BUSINESSES have to change in order to adjust to the times. One can see this as either a way of survival, or a dedication to producing quality products no matter what.
Take for example the watchmaker Breguet, which was founded in 1755. In 1782, Marie Antoinette, the Queen of France, ordered a watch from Breguet, fascinated by its No. 2 10/82, which was a self-winding repeater watch with a date calendar. More transactions followed from the queen. In 1783, Breguet received an order (allegedly from an admirer of the queen) for a magnificent and intricate timepiece which would include many, if not all, the horological features present during that time, all in one watch. The order was finally completed in 1827, meanwhile, Marie Antoinette was executed in 1796, and never saw the watch.
In the carnage of the French Revolution that killed Marie Antoinette, a general from obscure Corsica would rise to become Emperor. He unseated many royals from their thrones in his quest for expansion, including Marie Antoinette’s sister, the Queen of Naples. The throne of Naples would then be occupied by Napoleon’s brother, and then his brother-in-law, who was married to his sister, Caroline Murat.
Queen Caroline would be remembered in history for two things: first, she successfully convinced her brother Napoleon of his wife, the Empress Josephine’s infertility, paving the way for his second marriage to Marie Louise, Archduchess of Austria (who was the great-niece of Marie Antoinette, and granddaughter of the Queen of Naples whom Napoleon had ousted). Marriage to the imperial daughter and the son she eventually bore him lent legitimacy to the former soldier’s shaky empire and bought the emperor some time against his enemies.
Second, Caroline commissioned from Breguet one of the world’s first wristwatches, lovingly executed in an ovoid shape by Breguet.
The watches inspired by the two queens were shown during breakfast at the Raffles Residence Lounge on Nov. 23. The watch inspired by Caroline, the Reine de Naples, had been a staple in the company since the early 2000s, while a watch inspired by Marie Antoinette, the Secret de Reine, had only become a reality in this decade.
The Reine de Naples watches all share the ovoid shape first seen on the wrist of Caroline.
Meanwhile, the Secret de la Reine incorporates Marie Antoinette’s love for games and luxurious simplicity (this was a woman who commissioned the building of a very expensive farm). The watch itself is shaped like an apple, paved with diamonds, while a cover ornamented with a cameo of a rose discreetly but playfully conceals the dial. The watch is attached to a strap crafted to look like a thick ribbon.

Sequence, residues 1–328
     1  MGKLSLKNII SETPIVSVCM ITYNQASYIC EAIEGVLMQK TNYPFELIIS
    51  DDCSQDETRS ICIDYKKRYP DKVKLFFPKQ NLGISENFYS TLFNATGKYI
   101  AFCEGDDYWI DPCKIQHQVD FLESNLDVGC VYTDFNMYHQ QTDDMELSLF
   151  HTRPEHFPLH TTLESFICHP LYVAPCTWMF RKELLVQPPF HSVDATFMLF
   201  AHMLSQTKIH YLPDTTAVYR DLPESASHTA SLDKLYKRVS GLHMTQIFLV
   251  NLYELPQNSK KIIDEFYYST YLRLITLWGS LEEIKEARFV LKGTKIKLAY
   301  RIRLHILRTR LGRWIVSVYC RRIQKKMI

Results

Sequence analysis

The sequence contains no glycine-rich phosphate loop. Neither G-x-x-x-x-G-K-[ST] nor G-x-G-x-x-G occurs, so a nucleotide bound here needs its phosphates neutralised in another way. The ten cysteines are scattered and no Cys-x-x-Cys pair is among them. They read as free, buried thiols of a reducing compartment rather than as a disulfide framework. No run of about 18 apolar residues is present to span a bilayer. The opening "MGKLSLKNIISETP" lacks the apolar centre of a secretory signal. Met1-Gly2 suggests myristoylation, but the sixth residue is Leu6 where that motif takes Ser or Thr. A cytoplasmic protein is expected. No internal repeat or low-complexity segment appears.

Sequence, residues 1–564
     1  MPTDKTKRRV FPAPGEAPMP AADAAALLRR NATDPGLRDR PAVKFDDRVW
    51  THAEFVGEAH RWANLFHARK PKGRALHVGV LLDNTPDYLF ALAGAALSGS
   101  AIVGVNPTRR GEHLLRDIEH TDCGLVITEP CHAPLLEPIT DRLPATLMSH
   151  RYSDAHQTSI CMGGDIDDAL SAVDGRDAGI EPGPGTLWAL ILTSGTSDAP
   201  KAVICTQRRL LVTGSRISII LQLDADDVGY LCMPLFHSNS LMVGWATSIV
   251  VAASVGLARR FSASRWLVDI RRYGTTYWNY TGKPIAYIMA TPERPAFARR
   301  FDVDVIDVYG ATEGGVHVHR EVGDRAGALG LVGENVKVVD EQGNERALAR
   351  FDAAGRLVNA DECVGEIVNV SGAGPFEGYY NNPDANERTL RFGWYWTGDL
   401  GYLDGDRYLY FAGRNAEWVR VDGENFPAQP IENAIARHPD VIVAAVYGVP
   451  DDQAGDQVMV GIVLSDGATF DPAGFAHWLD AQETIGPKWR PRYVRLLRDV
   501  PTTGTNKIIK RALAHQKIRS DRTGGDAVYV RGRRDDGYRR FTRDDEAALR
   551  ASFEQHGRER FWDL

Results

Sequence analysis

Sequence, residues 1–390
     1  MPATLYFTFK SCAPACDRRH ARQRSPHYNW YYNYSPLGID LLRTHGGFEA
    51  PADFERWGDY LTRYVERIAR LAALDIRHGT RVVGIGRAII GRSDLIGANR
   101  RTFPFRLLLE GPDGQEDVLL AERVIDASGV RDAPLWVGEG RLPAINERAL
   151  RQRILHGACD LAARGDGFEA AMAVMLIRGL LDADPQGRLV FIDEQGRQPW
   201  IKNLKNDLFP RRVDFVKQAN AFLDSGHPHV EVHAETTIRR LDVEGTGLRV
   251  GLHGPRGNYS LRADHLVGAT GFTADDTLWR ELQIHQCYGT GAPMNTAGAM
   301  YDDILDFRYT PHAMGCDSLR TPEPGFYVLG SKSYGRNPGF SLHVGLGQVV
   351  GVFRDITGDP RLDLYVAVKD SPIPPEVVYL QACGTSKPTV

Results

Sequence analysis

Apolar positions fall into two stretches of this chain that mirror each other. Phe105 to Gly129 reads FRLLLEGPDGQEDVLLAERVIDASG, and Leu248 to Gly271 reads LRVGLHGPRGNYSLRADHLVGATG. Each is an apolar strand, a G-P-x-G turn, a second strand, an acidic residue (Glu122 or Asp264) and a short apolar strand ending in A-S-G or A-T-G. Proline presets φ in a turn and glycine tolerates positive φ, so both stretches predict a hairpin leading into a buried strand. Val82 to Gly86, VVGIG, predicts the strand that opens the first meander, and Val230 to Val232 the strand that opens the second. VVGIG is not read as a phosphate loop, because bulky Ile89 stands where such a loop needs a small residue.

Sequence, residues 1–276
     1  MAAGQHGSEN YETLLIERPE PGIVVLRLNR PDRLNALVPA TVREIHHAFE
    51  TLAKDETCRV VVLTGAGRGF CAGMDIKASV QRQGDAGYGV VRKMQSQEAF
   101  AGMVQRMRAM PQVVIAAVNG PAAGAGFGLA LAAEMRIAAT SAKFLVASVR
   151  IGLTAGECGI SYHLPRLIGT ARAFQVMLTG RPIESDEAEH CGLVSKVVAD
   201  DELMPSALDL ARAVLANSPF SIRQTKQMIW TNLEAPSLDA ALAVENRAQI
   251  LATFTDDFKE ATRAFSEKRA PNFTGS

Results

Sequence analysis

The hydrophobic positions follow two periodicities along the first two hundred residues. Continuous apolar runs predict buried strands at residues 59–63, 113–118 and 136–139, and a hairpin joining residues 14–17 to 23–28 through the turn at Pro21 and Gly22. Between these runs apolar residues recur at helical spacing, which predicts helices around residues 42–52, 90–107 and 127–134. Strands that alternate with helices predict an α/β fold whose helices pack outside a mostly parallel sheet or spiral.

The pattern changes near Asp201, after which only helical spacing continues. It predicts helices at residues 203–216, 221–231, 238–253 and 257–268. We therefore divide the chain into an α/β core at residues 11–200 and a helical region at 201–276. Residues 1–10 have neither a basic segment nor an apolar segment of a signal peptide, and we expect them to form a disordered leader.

The watch’s design was inspired by a portrait of Marie Antoinette by Elisabeth Vigée-Le Brun, the queen’s favorite portraitist. The painting, where she is in a blue dress and holding a rose, was intended to pacify citizens who said that a previous version of the portrait had been too informal (in it she was wearing a white dress and a straw hat, holding the rose in the same pose).
“The logic is that, they want to have more of a… recognition of Marie Antoinette’s days,” said Martin Ganz, vice-president of The Swatch Group (Hong Kong), Breguet Division. “It’s still a tribute to Marie Antoinette.”
Another tribute by the company to Marie Antoinette was the restoration of her “farm” retreat, the Petit Trianon, a project that began in 2007 and ended in 2008.
Added a resource speaker from Breguet, who was present during the breakfast, “We launched these pieces because we know that… the original Queen of Naples [watch] is not enough. We want to push, we want to challenge ourselves, that’s why we… find more inspirations from our patrons.”
There’s a trade in products associated with people who have changed the world, or have become simply famous: take for instance, Jackie O’s Hermes Trim bag, or her daughter-in-law Carolyn Bessette-Kennedy’s favorite perfume. It’s a way of connecting our stories with theirs, even if just in their shopping choices. When asked if Breguet’s products, based on the personalities of Marie Antoinette and Caroline Murat, run on the same principle, Mr. Ganz said, “Maybe not necessarily that person — I don’t think so. I think it’s more a question of… these people realizing that, you know, the wealthy, influential heads of states, royalty today, have these watches. That’s maybe the link there.”
“Number one, for me, you must start with a good product,” said the resource speaker from Breguet, about products that tell stories. “With that right product, you can have millions of words.” — Joseph L. Garcia
Breguet is exclusively distributed in the Philippines by Lucerne.
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